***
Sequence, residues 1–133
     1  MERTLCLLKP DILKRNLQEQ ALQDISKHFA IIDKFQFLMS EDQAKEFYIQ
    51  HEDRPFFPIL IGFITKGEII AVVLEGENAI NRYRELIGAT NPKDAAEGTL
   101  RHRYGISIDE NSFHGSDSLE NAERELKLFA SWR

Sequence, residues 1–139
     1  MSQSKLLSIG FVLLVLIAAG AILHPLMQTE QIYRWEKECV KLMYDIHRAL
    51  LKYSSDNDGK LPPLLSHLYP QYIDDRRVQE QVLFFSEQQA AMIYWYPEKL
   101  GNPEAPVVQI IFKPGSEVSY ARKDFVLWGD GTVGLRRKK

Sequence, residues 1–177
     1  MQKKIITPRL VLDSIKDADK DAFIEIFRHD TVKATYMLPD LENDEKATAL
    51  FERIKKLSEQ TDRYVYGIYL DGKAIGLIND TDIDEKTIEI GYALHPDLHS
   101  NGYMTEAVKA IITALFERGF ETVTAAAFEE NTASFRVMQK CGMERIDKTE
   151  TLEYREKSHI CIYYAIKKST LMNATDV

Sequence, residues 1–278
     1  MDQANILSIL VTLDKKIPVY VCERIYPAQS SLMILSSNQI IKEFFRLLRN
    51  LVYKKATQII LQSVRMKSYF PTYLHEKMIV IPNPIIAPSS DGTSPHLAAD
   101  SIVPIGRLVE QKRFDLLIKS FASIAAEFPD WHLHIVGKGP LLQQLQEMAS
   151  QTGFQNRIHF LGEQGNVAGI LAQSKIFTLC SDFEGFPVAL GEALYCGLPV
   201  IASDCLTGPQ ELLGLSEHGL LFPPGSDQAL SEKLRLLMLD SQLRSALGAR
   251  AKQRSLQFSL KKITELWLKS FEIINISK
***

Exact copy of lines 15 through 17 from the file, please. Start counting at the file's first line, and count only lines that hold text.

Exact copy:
     1  MDQANILSIL VTLDKKIPVY VCERIYPAQS SLMILSSNQI IKEFFRLLRN
    51  LVYKKATQII LQSVRMKSYF PTYLHEKMIV IPNPIIAPSS DGTSPHLAAD
   101  SIVPIGRLVE QKRFDLLIKS FASIAAEFPD WHLHIVGKGP LLQQLQEMAS